This is nothing more than an effort to reinvigorage our town while respecting our agricultural background with respect to new technologies and concern for sustainability, while at the same time making an effort to support ALL businesses in an effort to attract more visitors and residents to our town; it is a cause to celebrate that our heritage and our area could benefit from Citta Slow Status. As a businessperson who employees 15 people year round in Wolfville who live, buy and shop here, I am deeply disheartened that I am labelled self serving. I want ALL businesses to succeed. I, like you, am disheartened by the empty storefronts – We are trying to do something about it!
    We will have a committee meeting of interested persons at Tempest 4pm on August 1st that will engage a committee (so it is iron clad in everyone’s mind that it is not just another ‘Wolfville residents pet project’) should you or any readers be interesd in attending. This should be celebrated, not vilified!

  6. We are not against walking down a street with shops and restaurants that support a local economy where businesses buy Nova Scotia first [if they wish], nor are we against a town [if you mean the townspeople in general via their choices and not by administrative fiat] that advocates healthy eating and food for our children in school that is [optionally , not forced to be] sourced locally and celebrated;. Nor are we against supporting agriculture and the development of new industry (wine!) that will create more jobs and more notice of our town and our region; we are definitely not against filling our empty storefronts with businesses that are [allowed to be] nimble enough to adapt to the new economies and our future [ whatever those are – not necessarily predefined by someone who doesn’t really know]. It is a wonderful vison and we have suggested many times that commercial taxes be reduced which [we believe] would work for all of those things.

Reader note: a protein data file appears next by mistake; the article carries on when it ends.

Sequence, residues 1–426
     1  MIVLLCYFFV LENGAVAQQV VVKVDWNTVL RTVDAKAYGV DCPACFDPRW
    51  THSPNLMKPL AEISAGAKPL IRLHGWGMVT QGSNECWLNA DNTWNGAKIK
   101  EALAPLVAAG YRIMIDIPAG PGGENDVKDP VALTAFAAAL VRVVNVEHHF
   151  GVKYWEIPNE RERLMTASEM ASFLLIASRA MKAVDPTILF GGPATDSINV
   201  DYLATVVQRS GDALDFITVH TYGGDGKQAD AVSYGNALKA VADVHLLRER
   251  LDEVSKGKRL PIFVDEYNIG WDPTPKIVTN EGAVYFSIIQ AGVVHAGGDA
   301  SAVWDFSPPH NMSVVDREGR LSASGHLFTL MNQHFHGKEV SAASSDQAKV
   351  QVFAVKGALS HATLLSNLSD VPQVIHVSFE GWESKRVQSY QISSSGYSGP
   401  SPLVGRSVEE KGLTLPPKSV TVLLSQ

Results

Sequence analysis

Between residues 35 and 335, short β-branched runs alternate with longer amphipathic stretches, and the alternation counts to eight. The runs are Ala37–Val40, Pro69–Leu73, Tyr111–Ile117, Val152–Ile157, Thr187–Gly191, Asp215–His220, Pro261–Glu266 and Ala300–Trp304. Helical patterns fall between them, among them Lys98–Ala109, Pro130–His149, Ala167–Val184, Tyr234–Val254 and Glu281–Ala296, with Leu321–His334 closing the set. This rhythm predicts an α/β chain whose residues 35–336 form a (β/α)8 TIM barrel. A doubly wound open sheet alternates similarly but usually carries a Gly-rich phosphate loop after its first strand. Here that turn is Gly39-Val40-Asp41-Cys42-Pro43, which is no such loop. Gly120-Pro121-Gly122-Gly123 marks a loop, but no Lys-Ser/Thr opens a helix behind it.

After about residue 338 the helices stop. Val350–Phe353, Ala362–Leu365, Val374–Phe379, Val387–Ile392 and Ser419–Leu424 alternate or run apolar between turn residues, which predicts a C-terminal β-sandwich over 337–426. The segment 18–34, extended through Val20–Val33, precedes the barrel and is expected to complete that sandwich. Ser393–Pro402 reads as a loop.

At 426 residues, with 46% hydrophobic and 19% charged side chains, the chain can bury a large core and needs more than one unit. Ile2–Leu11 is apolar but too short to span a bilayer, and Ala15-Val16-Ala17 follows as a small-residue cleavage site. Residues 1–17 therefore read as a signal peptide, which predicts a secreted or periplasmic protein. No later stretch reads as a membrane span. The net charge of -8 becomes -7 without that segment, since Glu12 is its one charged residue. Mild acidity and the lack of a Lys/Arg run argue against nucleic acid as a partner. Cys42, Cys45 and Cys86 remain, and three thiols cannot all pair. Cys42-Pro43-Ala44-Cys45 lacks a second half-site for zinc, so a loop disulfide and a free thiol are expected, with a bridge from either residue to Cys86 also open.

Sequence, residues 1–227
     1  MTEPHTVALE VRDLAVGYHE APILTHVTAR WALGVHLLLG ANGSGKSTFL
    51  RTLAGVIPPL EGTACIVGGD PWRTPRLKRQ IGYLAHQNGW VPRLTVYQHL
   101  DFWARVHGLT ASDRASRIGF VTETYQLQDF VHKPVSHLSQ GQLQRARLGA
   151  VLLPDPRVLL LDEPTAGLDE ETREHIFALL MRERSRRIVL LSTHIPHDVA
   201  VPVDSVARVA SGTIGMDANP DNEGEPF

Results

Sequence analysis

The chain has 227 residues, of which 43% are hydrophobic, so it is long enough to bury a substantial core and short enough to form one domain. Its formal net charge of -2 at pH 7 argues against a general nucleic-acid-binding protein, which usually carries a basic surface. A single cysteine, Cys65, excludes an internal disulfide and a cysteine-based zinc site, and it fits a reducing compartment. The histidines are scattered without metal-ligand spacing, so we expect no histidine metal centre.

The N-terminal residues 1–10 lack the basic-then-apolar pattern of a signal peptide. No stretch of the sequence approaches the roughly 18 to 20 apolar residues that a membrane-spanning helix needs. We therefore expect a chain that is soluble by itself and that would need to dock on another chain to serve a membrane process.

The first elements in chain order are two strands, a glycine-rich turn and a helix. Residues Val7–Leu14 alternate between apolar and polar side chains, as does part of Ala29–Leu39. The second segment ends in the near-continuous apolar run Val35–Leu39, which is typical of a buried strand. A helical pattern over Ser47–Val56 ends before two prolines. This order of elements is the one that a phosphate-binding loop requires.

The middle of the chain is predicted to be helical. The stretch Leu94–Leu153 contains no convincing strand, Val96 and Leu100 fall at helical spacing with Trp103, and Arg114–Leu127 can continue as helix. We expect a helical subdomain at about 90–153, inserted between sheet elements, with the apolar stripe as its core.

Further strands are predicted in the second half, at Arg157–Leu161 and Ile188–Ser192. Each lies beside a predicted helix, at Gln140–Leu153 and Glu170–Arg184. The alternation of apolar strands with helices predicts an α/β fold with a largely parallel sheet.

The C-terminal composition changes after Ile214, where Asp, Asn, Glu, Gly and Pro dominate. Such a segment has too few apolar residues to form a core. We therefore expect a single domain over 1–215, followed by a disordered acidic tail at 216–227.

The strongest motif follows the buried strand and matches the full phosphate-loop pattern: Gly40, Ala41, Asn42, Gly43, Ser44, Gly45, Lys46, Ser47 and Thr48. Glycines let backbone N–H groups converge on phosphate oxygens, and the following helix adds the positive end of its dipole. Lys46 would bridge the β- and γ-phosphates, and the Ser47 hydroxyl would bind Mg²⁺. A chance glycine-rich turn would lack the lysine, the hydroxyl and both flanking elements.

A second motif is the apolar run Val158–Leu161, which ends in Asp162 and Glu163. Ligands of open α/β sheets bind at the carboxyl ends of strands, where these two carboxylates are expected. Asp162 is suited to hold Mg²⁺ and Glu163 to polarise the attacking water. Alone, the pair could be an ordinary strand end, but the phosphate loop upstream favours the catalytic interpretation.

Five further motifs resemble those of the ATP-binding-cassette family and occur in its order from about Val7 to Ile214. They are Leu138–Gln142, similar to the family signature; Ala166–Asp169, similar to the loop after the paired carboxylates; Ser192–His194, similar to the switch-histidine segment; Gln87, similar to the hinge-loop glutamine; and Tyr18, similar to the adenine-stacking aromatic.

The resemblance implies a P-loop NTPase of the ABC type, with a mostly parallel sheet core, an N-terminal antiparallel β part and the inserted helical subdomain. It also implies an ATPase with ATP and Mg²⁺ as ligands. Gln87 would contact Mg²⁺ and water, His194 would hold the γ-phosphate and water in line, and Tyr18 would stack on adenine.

We are not even against Citta slow as a concept as long as it is a private effort. We don’t think however it should be subsidised by all ratepayers. If it is cost free to the Town, sure! Knock yourself out. But if experience is any guide this campaign like others won’t be cost free. Tax relief would go a lot further to revitalise all businesses in town and not favour any one in particular.